- Running with resistance at an easy pace (meaning at a speed they could comfortably run without resistance for a longer period of time but now we are increasing difficulty by adding resistance):running in sand, along the ocean or big lakes in the waves, running against the flow in a stream with a soft bottom (be careful of rocks and muck- it is better to have them swim against a current and not touch bottom if the bottom is questionable), for dogs who are familiar with a roading harness try adding a chain or sand bag to drag ( you can walk a dog on a leash while wearing a weight harness or dragging a weight also but do not do this if the dog has had sore back issues). Start for short periods of time and give walking or trotting breaks without resistance in between. Work up to 25 minutes of activity with 3 1-2 minute breaks when needed in that time. Give a short warm-up of 3-4 minutes of activity to warm the body before asking for heavy resistance and give a walk afterwards.
- Swimming behind a boat in a pond while encouraging the dog to catch you or tossing a retrieving dummy and having them swim it to you in the boat. Be cautious of areas where fishing activity may leave fishing lines or hooks around to catch the dog. It is safer to do this activity while paddling or rowing a boat to avoid any propeller injuries.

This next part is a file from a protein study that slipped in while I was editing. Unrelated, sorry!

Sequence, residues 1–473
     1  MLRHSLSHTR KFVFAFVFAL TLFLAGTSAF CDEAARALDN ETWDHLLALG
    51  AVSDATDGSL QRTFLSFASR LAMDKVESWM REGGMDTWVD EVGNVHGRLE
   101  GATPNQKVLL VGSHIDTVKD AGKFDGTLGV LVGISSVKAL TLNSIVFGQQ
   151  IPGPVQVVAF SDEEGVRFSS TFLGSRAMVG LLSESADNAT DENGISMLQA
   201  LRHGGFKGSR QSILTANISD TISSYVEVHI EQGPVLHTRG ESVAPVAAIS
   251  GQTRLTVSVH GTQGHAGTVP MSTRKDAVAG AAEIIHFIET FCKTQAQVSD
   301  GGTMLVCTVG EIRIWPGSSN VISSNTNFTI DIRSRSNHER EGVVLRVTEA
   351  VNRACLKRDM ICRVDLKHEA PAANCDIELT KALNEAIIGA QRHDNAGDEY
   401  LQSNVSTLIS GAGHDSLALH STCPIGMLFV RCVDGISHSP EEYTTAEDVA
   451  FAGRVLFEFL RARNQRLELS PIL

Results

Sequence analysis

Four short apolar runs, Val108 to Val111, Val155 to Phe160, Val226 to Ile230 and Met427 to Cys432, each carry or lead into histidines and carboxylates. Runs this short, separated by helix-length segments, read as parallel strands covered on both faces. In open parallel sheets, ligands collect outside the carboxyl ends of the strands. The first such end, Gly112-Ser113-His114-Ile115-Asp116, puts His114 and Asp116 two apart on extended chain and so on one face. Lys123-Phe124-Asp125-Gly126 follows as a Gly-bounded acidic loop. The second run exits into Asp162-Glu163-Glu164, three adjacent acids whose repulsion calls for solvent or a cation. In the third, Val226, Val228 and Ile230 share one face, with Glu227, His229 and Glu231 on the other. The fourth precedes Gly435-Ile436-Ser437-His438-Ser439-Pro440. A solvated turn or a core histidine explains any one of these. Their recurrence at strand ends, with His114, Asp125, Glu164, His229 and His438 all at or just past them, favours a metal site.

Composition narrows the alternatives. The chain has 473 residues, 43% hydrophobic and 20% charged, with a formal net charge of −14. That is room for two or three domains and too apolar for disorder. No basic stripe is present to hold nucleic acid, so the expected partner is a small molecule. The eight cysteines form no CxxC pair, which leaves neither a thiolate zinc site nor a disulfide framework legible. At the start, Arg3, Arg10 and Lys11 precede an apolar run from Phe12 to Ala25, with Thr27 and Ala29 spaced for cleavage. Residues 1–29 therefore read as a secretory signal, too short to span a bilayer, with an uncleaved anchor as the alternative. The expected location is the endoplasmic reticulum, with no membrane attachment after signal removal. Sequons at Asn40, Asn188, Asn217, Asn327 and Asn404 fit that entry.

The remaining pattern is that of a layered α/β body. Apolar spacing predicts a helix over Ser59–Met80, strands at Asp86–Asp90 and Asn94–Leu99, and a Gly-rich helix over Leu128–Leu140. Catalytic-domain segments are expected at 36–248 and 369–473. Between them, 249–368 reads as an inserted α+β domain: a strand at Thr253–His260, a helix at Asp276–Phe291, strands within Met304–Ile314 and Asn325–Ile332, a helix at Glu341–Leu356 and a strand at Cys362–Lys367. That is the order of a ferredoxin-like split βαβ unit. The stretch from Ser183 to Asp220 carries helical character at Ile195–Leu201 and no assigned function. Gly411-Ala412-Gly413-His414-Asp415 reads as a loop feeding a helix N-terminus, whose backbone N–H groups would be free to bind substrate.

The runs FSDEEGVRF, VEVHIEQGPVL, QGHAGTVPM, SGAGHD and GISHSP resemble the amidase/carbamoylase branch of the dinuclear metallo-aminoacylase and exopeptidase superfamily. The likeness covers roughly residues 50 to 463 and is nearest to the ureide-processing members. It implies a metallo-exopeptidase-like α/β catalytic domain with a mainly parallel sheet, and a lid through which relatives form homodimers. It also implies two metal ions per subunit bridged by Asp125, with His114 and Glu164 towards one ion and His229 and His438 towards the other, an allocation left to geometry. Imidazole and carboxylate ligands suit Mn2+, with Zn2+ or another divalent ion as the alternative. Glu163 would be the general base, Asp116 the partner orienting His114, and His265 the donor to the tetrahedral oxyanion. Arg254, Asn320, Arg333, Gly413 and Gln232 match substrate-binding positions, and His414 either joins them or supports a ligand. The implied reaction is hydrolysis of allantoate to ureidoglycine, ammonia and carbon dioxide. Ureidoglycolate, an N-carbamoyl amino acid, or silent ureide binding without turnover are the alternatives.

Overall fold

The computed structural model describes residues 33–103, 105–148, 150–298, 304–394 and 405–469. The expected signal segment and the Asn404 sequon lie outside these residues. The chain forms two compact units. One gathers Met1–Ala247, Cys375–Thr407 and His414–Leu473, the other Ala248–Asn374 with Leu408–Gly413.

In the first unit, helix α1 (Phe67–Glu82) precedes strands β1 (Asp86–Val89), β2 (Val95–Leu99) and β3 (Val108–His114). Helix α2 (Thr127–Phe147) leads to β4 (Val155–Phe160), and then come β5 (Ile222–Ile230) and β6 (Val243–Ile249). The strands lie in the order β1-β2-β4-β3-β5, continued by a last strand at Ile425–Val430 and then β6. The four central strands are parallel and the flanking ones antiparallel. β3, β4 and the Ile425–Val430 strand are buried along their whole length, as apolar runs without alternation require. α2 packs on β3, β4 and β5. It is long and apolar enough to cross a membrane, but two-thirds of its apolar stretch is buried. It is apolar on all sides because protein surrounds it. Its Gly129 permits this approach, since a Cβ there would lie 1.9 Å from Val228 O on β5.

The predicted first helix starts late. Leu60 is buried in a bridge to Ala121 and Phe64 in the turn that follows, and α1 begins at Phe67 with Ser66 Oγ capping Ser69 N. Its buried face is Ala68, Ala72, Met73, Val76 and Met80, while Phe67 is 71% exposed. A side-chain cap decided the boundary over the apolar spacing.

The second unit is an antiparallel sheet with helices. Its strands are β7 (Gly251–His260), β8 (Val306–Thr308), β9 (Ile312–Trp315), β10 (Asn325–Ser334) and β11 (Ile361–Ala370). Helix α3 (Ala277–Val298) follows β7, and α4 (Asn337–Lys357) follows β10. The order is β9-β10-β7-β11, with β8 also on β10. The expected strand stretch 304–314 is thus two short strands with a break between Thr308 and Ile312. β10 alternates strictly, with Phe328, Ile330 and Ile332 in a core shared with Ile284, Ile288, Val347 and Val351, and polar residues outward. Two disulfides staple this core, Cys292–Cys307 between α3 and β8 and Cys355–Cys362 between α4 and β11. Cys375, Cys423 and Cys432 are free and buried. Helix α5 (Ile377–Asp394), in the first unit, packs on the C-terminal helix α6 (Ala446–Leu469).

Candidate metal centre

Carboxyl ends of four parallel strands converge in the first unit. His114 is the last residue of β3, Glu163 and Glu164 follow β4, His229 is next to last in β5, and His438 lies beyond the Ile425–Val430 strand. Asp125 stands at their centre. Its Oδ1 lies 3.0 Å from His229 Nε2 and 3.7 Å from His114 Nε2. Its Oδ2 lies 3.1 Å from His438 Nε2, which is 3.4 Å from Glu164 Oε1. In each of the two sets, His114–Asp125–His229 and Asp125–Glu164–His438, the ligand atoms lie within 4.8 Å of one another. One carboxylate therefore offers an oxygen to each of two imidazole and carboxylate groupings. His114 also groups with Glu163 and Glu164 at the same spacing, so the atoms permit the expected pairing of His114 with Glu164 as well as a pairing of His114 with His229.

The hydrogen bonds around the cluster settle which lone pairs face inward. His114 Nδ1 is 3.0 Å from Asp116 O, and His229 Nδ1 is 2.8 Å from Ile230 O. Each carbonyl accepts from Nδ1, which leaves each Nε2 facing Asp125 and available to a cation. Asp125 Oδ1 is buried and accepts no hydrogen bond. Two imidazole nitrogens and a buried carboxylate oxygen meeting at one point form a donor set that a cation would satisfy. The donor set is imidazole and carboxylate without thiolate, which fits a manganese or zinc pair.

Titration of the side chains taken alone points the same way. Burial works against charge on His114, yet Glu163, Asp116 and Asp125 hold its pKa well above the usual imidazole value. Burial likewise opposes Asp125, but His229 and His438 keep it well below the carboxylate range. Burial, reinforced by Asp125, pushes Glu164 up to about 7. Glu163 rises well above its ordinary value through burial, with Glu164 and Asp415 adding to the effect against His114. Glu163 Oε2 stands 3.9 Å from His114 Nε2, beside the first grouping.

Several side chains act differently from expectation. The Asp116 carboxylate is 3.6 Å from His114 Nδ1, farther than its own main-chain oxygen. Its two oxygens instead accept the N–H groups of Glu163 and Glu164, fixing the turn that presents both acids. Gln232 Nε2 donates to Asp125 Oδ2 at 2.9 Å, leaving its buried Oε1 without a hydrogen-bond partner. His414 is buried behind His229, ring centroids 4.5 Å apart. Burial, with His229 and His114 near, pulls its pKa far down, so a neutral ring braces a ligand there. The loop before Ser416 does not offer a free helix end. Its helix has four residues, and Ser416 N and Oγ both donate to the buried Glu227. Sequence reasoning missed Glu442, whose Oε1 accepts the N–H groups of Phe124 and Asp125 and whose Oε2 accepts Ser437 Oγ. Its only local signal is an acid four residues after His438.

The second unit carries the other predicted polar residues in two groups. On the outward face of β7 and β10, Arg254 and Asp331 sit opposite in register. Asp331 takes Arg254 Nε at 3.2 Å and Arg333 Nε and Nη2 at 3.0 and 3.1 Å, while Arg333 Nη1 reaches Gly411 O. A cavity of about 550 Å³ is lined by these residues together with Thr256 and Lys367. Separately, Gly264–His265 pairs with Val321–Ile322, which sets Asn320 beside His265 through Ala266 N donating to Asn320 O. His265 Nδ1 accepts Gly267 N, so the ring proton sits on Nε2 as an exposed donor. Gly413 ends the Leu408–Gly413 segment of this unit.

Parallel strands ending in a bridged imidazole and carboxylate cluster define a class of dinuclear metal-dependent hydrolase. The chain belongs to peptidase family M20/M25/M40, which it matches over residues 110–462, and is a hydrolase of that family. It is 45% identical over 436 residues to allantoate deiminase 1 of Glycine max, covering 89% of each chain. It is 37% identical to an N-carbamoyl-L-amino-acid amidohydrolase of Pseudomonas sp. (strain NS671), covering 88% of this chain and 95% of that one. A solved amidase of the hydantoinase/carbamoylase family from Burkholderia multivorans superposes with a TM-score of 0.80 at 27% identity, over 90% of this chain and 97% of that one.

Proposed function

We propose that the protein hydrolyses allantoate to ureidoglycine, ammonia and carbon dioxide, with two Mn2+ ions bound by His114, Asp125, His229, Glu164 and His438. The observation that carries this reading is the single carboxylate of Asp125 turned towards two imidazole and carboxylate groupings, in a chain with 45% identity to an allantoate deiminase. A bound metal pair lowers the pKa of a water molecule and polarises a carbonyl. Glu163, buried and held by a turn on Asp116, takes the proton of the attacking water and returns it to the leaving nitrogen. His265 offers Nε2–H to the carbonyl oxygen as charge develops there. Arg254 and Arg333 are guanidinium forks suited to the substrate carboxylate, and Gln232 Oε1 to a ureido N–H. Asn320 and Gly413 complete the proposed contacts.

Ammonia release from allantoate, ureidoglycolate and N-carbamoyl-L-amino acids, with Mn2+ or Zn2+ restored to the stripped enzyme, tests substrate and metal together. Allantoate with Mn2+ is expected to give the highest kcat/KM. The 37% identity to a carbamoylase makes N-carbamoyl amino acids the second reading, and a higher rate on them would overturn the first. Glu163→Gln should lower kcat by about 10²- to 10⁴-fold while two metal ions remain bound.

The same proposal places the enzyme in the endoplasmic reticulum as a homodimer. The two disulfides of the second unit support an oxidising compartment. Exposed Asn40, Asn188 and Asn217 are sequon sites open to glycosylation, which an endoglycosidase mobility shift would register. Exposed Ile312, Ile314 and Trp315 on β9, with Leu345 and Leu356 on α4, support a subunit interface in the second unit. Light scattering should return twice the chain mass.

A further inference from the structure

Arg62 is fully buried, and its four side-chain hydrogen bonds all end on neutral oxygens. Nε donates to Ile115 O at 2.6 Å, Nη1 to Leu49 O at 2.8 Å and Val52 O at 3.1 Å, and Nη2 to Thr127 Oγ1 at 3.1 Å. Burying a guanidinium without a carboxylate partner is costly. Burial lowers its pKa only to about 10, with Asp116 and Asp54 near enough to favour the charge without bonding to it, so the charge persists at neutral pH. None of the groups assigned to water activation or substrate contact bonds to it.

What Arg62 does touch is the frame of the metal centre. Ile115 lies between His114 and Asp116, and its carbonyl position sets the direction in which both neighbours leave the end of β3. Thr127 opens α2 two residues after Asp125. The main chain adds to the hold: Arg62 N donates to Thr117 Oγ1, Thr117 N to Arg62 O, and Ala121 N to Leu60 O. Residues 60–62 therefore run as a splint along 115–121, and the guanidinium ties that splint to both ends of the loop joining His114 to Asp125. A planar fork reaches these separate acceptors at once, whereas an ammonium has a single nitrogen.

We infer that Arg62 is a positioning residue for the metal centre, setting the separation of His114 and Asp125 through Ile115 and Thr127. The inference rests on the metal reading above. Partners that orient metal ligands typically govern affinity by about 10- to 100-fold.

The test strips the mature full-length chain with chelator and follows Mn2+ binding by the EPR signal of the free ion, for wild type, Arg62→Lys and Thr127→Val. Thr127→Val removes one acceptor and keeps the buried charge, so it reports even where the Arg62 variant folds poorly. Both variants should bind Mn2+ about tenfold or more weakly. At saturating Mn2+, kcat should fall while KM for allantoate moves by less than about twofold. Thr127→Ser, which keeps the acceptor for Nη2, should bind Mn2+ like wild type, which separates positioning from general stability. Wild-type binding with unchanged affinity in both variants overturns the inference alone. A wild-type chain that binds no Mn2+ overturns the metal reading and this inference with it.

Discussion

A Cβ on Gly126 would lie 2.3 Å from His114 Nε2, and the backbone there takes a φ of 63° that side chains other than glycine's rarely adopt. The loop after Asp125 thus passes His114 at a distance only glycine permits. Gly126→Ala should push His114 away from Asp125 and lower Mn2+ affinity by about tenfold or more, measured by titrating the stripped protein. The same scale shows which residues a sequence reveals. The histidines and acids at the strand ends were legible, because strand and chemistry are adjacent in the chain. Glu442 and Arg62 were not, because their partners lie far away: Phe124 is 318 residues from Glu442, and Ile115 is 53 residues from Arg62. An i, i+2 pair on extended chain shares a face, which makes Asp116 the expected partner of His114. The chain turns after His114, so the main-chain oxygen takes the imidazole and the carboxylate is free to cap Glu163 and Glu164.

- Agility and speed working the body in multiple directions: wide weave poles, figure eight movements, weight shifting from side to side trotting on a leash over low poles, fast sit to stands. Use a large cushion or trampoline to stand the dog on while encouraging side to side weight shifts either standing or sitting to get a treat or object they like. This is best done after they have had some other activity such as a run or swim. We are building the tendon and ligament attachments and don't want to overly stress these structures when the body is tense or cold.